LANL's mission is to develop and apply science and technology to ensure the safety, security, and reliability of the U.S. nuclear deterrent; reduce global threats; and solve other emerging national security and energy challenges.
- Los Alamos National Laboratory
- (505) 667-5061
Mission nuclear weapons
While the role and prominence of nuclear weapons in U.S. security policy has diminished with the end of the Cold War, nuclear weapons continue to provide an essential component of national security.
Nuclear weapons are used every day
- as security hedge in very uncertain world
- to reassure allies that U.S. security guarantee remains unquestionable
- as a disincentive to adversaries from taking hostile and aggressive actions against the U.S. and its allies
Four systems designed by Los Alamos
Los Alamos is the design agency for four systems in the stockpile, including
- B61 gravity bomb, deployed to variety of strategic and tactical aircraft
- W78, carried by U.S. Air Force’s Minuteman III intercontinental ballistic missiles
- W76 and W88, carried by U.S. Navy’s Trident missile submarines
This triad of launch platforms (aircraft, land-based missiles, and submarines) provides the President with the strongest, flexible, and most survivable nuclear deterrent.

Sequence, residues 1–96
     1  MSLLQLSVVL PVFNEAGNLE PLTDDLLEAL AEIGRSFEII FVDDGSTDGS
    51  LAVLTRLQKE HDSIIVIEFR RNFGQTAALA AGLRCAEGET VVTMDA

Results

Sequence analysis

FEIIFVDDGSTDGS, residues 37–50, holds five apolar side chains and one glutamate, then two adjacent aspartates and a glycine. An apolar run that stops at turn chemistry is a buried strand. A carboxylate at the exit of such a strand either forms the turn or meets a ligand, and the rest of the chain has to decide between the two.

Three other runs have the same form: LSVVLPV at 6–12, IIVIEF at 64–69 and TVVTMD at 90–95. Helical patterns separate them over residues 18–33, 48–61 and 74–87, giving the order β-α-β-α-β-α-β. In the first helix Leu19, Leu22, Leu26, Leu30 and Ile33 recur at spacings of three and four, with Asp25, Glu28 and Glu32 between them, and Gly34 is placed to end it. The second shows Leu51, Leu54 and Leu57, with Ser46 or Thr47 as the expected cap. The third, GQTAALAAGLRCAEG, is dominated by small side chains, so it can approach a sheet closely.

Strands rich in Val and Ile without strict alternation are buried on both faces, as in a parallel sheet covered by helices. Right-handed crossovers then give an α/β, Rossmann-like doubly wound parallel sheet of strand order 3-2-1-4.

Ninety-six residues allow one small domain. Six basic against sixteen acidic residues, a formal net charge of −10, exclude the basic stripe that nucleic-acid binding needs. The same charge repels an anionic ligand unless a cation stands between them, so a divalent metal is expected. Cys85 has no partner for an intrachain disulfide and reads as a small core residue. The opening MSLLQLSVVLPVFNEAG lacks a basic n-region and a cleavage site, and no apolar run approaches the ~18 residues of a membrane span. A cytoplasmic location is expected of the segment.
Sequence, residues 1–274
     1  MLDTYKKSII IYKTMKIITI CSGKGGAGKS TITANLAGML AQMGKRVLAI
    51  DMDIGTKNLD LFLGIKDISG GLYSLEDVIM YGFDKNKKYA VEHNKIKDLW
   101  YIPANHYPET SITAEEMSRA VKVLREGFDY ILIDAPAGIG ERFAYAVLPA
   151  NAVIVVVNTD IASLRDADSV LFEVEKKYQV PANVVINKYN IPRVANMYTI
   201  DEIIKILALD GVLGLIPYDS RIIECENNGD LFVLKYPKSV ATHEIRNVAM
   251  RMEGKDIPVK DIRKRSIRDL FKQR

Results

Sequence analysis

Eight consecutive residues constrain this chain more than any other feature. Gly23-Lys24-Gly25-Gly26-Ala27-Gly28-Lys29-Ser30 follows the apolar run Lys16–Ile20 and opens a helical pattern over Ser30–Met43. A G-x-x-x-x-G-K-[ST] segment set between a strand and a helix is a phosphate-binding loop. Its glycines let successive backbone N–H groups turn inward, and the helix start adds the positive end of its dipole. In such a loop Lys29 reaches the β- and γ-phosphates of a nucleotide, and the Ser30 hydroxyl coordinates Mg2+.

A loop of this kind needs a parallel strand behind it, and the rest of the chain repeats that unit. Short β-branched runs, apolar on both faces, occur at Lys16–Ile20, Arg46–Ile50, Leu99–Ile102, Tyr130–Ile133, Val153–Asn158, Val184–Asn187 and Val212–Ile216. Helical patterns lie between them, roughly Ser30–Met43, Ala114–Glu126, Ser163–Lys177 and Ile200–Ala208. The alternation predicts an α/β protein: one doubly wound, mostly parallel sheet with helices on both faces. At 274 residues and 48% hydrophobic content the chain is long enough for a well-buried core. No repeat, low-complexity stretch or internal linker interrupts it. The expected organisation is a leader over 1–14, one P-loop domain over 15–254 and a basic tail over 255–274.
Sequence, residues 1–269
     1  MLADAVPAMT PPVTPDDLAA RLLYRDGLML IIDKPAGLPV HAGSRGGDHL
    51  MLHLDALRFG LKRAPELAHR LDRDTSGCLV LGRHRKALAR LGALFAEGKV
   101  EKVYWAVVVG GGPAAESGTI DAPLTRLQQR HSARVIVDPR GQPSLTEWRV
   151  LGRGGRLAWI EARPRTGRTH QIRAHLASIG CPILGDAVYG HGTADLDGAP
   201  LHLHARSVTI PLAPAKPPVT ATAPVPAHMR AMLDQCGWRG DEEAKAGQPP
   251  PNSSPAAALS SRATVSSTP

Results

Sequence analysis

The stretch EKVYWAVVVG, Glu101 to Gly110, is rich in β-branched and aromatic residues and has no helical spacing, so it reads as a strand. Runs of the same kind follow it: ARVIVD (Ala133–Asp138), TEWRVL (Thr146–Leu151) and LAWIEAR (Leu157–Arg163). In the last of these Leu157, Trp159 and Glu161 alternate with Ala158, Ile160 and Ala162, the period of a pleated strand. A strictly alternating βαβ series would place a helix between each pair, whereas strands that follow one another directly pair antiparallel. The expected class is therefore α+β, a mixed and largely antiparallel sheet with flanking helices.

Each warhead/bomb designed by Los Alamos meets a rigorous and demanding set of requirements and conditions as outlined by either the Air Force or the Navy.
Stockpile Stewardship program
How the Laboratory ensures the safety, security, and effectiveness of the stockpile has changed dramatically with the end of the Cold War.
- In 1989, the United States halted the design and manufacture of new nuclear weapons.
- In 1992, the United States conducted its last full-scale, underground nuclear weapons test.
- In 1994, Congress established the science-based Stockpile Stewardship program, which combines advanced scientific and experimental capabilities with high-performance supercomputing to help scientists and engineers understand and resolve issues in the nation’s nuclear deterrent.
- Congress further directed that the directors of the nuclear weapons laboratories (Los Alamos, Lawrence Livermore, and Sandia) annually report on the state and health of the stockpile to the President of the United States, through the Secretaries of Energy and Defense.
Safe, secure, effective deterrent
Critical science and engineering tools at Los Alamos supporting a safe, secure, and effective deterrent include the following: